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Another Major Client Pulls COVID-19 Testing Contract With NorthShore Clinical Labs; Illinois Lawmakers Demand Regulations On Pop-Up Testing Agencies

CHICAGO (CBS) -- A Chicago-based COVID-19 testing lab that was paid more than $140 million by the Centers for Disease Control and Prevention is now at the center of two state health department investigations.

Now, CBS 2's Chris Tye has learned another major client has pulled its contract.

The University of Nevada, Reno promotes itself as the Wolfpack. But recently, they've kicked a major medical partner out of the pack.

In a statement this week, the school says it has "terminated its contract with NorthShore Clinical Laboratories due to our institution's dissatisfaction with NorthShore's service in helping to conduct on-campus COVID-19 testing."

This is similar to the reason the City of Berwyn dropped NorthShore at the beginning of the pandemic.

NorthShore told CBS 2 Berwyn was a single instance of a dissatisfied client — citing school districts and nursing homes as happy customers.

The company, though, stopped replying to our questions about contracts, right around the time they stopped testing through third-party pop-up sites.

"They're almost like the Spirit Halloween stores, right?" said Illinois state Rep. Kelly Cassidy (D-Chicago). "Like any vacant store front is a good candidate for these."

After six weeks, Cassidy herself still has no COVID test result.

"Somebody behind me in line said, 'You know, hang on, let me get my insurance card,' and they said, 'No, just mark that you're uninsured,'" Cassidy said.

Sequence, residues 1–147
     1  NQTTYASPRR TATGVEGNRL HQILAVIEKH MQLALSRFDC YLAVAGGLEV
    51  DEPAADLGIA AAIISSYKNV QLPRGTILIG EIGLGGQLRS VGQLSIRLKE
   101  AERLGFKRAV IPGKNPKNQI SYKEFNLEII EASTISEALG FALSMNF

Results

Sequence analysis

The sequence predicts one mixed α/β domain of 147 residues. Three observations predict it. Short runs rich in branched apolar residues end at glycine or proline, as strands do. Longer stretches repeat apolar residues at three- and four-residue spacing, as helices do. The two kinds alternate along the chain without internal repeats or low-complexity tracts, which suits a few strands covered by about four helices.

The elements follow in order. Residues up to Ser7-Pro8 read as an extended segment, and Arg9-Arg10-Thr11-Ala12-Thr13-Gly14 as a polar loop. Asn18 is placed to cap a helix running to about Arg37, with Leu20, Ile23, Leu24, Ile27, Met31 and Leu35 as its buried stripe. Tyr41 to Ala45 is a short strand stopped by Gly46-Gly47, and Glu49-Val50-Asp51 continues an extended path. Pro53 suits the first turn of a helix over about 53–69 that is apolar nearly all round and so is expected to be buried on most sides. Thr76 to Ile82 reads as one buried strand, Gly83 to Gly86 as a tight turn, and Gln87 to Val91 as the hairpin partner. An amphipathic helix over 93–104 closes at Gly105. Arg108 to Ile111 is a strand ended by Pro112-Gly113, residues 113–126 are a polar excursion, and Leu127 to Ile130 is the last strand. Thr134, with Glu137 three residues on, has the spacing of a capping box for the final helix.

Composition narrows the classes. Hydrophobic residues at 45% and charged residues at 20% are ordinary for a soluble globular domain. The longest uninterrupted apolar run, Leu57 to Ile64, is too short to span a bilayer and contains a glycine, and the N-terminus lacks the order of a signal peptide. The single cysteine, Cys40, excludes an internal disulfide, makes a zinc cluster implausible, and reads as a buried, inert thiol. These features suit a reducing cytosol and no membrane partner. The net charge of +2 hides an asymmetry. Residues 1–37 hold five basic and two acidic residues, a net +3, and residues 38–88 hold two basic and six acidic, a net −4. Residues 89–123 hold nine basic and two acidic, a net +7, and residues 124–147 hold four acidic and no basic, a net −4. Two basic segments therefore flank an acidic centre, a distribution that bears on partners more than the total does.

This is why Cassidy and state Rep. Fred Crespo (D-Streamwood) are spearheading four bills regarding COVID-19 testing practices.

"This has to happen like yesterday," Crespo said.

The bills call on the Illinois Department of Public Health to create "standards for the timeliness of test results; methods of contacting patients; reporting; and penalties. Effective immediately."

The legislation also "requires the Department to ensure that it maintains an adequately staffed hotline to receive complaints about COVID-19 testing sites and labs."

"Here's the sad part - we have been through that before with the Illinois Department of Employment Security, where because of COVID, the number of calls were coming in and they were having issues just managing volume," Crespo said.

The earliest the bill could see action is the middle of this month. So while state inspectors dig into NorthShore Labs — and a university campus in Nevada searches for a new COVID testing vendor — the state of pop-up testing centers around here become the work of the Illinois state House.

Many members of the state House were as surprised as the rest of us at how poorly the testing centers were regulated.

"I started to make some inquiries about how they're licensed; how they're regulated, and the answer is: they're just not," Cassidy said.

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